Date of Award


Document Type


Degree Name

Doctor of Philosophy (PhD)

Legacy Department

Human Factors Psychology


Pak, Richard

Committee Member

Greenstein , Joel

Committee Member

Gugerty , Leo

Committee Member

Pagano , Christopher


A consistent interface is thought to be beneficial because it allows users to draw on previous training and experience when operating a new interface. Design guidelines like the eight golden rules of interface design argue that a highly consistent interface improves system usability (Shneiderman, 1987). However, interface consistency is not monolithic; instead it is a complex, multidimensional construct. I refer to the two dimensions of interface consistency as perceptual consistency (the appearance) and conceptual consistency (the functionality) of an interface. Perceptual consistency considers aspects like interface layout and orientation; conceptual consistency considers how the system operates or responds. I sought to understand how combinations of these dimensions might affect performance and user perceptions of a system. For example, what if a system looks the same but operates differently? Results indicate that both an inconsistent appearance and an inconsistent functionality can hurt performance. Forcing consistency, however, may not be beneficial either. When there was a mismatch between dimensions (i.e., one was consistent and the other inconsistent) performance was worse than that of an entirely inconsistent version. Specifically, participants in the conceptual inconsistency and perceptual consistency condition (operates differently but looks the same) performed worse and reported higher workloads. Designers should encourage interface consistency by making systems that function similarly also share a similar appearance; however, when the systems are functionally disparate (i.e., they do different things) designers should take care to avoid implying similarities where they do not exist.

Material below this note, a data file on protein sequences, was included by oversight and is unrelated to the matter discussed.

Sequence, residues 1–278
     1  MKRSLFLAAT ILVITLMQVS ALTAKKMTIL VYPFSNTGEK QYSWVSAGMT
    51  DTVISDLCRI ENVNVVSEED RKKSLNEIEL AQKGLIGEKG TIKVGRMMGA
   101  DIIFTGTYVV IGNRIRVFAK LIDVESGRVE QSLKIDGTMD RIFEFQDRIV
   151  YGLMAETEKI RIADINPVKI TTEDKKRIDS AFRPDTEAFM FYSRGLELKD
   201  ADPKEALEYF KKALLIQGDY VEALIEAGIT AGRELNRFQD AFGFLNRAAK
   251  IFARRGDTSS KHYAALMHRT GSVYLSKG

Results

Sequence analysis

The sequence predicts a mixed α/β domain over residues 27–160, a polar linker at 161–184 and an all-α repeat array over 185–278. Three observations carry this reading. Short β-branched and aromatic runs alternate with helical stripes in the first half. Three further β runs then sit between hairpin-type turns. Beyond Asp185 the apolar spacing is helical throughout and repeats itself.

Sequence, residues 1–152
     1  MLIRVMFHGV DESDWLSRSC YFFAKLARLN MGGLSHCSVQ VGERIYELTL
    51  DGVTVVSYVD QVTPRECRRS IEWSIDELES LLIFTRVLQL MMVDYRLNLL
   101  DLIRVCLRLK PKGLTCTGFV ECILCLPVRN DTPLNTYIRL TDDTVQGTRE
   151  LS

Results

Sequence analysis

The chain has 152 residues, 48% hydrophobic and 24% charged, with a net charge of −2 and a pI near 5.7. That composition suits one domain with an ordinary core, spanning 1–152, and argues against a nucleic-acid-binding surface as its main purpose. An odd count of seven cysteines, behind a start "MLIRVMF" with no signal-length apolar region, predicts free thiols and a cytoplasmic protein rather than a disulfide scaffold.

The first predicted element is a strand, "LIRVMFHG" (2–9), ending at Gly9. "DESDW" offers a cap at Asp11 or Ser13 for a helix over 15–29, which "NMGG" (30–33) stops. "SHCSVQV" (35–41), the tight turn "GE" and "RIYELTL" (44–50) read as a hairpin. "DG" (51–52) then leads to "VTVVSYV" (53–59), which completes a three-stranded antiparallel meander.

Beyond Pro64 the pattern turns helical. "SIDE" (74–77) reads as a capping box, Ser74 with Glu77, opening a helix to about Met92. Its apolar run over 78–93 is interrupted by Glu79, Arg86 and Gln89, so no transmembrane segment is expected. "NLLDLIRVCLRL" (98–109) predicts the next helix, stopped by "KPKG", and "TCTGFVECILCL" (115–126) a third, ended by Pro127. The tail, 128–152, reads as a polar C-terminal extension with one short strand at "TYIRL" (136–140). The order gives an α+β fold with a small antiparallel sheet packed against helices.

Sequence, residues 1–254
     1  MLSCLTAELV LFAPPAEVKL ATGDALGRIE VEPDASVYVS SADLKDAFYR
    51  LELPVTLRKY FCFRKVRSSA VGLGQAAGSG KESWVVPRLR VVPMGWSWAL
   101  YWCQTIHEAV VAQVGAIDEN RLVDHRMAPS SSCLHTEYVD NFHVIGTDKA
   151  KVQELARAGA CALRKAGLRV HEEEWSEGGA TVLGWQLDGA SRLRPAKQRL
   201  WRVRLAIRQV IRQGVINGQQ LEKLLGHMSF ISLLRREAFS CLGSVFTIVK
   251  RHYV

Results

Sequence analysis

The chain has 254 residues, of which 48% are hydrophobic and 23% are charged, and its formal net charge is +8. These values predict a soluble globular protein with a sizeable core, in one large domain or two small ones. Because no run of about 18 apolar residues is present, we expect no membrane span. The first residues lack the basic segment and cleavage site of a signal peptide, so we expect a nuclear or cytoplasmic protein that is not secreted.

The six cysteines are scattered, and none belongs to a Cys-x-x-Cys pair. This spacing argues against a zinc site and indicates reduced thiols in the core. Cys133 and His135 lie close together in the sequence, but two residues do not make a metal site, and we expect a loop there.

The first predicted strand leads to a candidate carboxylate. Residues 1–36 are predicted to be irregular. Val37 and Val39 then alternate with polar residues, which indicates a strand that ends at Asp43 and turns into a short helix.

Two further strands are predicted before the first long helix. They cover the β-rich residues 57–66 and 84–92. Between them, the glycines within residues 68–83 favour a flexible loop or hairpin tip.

Included in

Psychology Commons



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